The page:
Chair Grijalva, Bipartisan Group of Lawmakers Write to House and Senate Interior Appropriators Urging Clarity, Funding Limits on BLM Horse Program
Congressman Raúl M. Grijalva (D-Ariz.) and a bipartisan group of lawmakers today wrote to the chairs and ranking members of the House and Senate appropriations panels with oversight of the Department of the Interior (DOI) to urge funding limits and additional clarity on a Bureau of Land Management (BLM) pilot program to manage wild horse populations in the West
The letter is directed to Sens. Lisa Murkowski (R-Alaska) and Tom Udall (D-N.M.), chair and ranking member respectively of the Senate Appropriations Subcommittee on Interior, Environment, and Related Agencies; and Reps. Betty McCollum (D-Minn.) and David Joyce (R-Ohio), the chair and ranking member respectively of the House Appropriations Subcommittee on Interior, Environment, and Related Agencies.
CLICK HERE to read the letter.
The House and Senate versions of the Interior-Environment appropriations bill – which are currently being reconciled – each include funding for an untested pilot project that calls for a dramatic increase in round-ups and removals. The House bill provides $6 million in additional funding for the program while the Senate bill provides $35 million, and each bill includes report language calling for a total removal of 130,000 horses over the next decade.
As the authors point out, “That plan has never been presented for consideration in the authorizing committees of jurisdiction, would triple the number of horses and burros in holding, and could cost taxpayers billions.” They also note concerns that the House and Senate report language “opens the door to surgical sterilization procedures” that face opposition “by many stakeholders, including veterinarians.”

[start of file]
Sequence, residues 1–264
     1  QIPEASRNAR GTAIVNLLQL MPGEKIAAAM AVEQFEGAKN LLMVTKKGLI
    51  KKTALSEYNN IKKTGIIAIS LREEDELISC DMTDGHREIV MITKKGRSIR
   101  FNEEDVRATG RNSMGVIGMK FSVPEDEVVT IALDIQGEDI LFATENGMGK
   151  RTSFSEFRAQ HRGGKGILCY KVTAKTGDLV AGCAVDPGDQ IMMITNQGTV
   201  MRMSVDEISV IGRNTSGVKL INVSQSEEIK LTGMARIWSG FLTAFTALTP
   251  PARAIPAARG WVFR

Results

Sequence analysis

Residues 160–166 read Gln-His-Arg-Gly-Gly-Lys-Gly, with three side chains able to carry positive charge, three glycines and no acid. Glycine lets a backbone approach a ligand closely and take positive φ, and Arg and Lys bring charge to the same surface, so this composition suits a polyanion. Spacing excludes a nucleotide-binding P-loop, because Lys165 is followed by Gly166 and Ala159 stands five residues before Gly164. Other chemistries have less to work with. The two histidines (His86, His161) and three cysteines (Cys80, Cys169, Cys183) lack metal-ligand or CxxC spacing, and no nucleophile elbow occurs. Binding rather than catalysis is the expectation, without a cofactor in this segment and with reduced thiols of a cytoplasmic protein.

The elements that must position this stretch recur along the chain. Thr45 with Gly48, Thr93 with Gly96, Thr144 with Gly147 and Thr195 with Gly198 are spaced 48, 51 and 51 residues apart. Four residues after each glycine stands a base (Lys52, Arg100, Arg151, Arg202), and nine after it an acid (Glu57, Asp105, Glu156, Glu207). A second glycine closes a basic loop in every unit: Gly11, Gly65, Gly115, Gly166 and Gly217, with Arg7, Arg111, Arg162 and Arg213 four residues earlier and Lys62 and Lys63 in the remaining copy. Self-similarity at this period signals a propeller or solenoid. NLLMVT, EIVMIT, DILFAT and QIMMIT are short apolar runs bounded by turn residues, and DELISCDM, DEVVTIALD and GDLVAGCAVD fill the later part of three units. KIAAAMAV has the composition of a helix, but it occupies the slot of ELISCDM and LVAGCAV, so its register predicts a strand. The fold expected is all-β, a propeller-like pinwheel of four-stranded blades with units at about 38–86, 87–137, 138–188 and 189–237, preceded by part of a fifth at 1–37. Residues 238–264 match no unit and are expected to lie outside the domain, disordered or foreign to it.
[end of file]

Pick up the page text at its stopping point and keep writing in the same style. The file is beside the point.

The authors urge appropriators to take three steps in a final conference version of the funding bill:
In addition to Grijalva, the letter is signed by Rep. Deb Haaland (D-N.M.), who chairs the Subcommittee on National Parks, Forests, and Public Lands; and by Reps. Jerrold Nadler (D-N.Y.), David Schweikert (R-Ariz.), Grace Napolitano (D-Calif.), Joe Neguse (D-Colo.), Matt Gaetz (R-Fla.), Tony Cárdenas (D-Calif.), Paul Tonko (D-N.Y.), Dina Titus (D-Nev.), Steve Cohen (D-Tenn.) and Ann McLane Kuster (D-N.H.).
GOP Senators, Mike Lee and Mitt Romney, both of Utah, want to strike a regulation barring federal rangeland officials from euthanizing wild horses and burros.
Lee and Romney co-signed a letter to the top Democrat and Republican on the Senate Subcommittee on Interior, Environment and Related Agencies under the Committee on Appropriations. GOP Sen. Lisa Murkowski of Alaska chairs the subcommittee while Democratic Sen. Tom Udall of New Mexico serves as the ranking member.
“Western rangelands are in crisis. The current populations of wild horses and burros is devastating the land, negatively impacting other species living in the area, and prohibiting an effective multiple-use management of the land,” Lee and Romney wrote in a letter dated May 3, obtained by The Daily Caller News Foundation.
The Bureau of Land Management (BLM) and U.S. Forestry Service (USFS), two agencies under the Interior department, are tasked with managing increasingly overpopulated wild horses and burros on federal land. Horse and burro populations are roughly triple what experts say the land can support.